By Jennifer LeClaire / Mobile Tech Today. Updated February 19, 2013.
Microsoft has watched Google slowly attack its core business -- and even its ancillary businesses -- for more than a decade. Google has taken aim at Office, Windows, Windows Phone and Hotmail, among other products.
Now, Microsoft is taking the gloves off on the e-mail front. But is it too late?
The Redmond, Wash., tech giant revamped Hotmail six months ago, renaming it Outlook.com and rolling it out in preview mode. Since then, Microsoft has attracted 60 million users to the service. It's likely that the greater majority of those users migrated from Hotmail. But Microsoft isn't merely looking to keep the users it has.
Microsoft is looking to challenge Google and others in this critical playing field, and is launching a multimillion-dollar ad campaign to let Americans know about its new approach to e-mail. Expect to see Outlook.com commercials on prime-time television, hear ads on radio, and run into banners online, on billboards and on buses during the three-month campaign.
Millions of Users Behind
"Early adopters have told us what they liked, what they'd like to see next, and what we needed to do to make more people switch. And we've used that to add new features and fine-tune the services to scale," wrote David Law, director of product management for Outlook.com, in a blog post. "Now that Outlook.com is coming out of preview, we'll be kicking off a huge push across a number of countries around the world to drive even greater awareness and adoption of Outlook.com."
Microsoft is far behind Gmail. At Google I/O 2012 last June, Google said it had 425 million users. Hotmail only has 300 million users, in spite of launching nearly a decade before Gmail. Microsoft actually acquired Hotmail for $400 million in 1998, two years after it was launched.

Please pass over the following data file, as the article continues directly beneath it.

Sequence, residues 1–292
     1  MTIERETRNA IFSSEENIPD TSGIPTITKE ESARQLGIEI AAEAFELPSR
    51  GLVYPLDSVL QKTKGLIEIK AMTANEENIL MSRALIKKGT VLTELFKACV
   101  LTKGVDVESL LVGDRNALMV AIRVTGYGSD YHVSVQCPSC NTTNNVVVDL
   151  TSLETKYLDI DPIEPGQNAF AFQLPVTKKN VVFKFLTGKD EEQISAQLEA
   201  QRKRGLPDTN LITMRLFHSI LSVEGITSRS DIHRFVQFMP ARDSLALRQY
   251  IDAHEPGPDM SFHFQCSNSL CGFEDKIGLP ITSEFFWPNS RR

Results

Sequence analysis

Will the new Outlook.com help Microsoft get its Web mail mojo back -- and win Gmail defectors? We caught up with Greg Sterling, principal analyst at Sterling Market Intelligence, to get his answer to that question.
"Much of Outlook's growth will come from converting Hotmail users, rather than Gmail users," Sterling told us. "It's very tough to get people to switch e-mail addresses because often they have a great deal of equity invested in them and have had them for years. Microsoft may be able to capture some AOL and even Yahoo users. However, I think not that many Gmail users will defect."
The SkyDrive Connection
Outlook.com includes free Office Web apps -- Word, PowerPoint, Excel and OneNote -- to let consumers view and edit attachments without leaving the inbox. Outlook.com also comes with SkyDrive, so if users are sending photos, documents, or other large files, they can now put them on SkyDrive and stop worrying about attachment limits.
"Outlook.com was also designed to make it easy to send hundreds of photos, videos and just about everything people want in a single message -- all powered by SkyDrive," Law said. "Nearly half of the people using Outlook.com have already used SkyDrive to share more than half a billion photos and Office documents."